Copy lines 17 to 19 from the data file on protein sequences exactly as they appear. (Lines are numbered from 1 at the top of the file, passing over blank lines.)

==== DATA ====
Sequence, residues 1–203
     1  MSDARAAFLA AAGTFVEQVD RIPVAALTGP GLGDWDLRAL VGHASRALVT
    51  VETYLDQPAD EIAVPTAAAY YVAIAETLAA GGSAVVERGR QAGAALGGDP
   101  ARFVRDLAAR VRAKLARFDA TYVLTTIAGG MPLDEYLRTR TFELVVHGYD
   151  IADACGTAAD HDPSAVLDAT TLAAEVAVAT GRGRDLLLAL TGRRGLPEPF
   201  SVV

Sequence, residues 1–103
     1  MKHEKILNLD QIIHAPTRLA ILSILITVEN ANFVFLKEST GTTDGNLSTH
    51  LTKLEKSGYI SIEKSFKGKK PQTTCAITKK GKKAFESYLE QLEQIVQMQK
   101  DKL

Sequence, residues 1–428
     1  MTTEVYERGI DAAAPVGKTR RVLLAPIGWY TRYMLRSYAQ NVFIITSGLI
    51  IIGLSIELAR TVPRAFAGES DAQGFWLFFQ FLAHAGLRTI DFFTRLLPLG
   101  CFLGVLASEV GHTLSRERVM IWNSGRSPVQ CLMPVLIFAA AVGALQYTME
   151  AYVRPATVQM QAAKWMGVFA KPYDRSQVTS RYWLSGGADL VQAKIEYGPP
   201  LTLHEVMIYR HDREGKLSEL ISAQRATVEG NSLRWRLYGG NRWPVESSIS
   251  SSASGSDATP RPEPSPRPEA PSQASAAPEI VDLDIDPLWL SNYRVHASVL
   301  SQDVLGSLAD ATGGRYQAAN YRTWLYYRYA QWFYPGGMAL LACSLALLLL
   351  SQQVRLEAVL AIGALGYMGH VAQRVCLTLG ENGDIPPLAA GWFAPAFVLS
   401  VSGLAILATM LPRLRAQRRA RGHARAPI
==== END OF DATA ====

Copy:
   251  SSASGSDATP RPEPSPRPEA PSQASAAPEI VDLDIDPLWL SNYRVHASVL
   301  SQDVLGSLAD ATGGRYQAAN YRTWLYYRYA QWFYPGGMAL LACSLALLLL
   351  SQQVRLEAVL AIGALGYMGH VAQRVCLTLG ENGDIPPLAA GWFAPAFVLS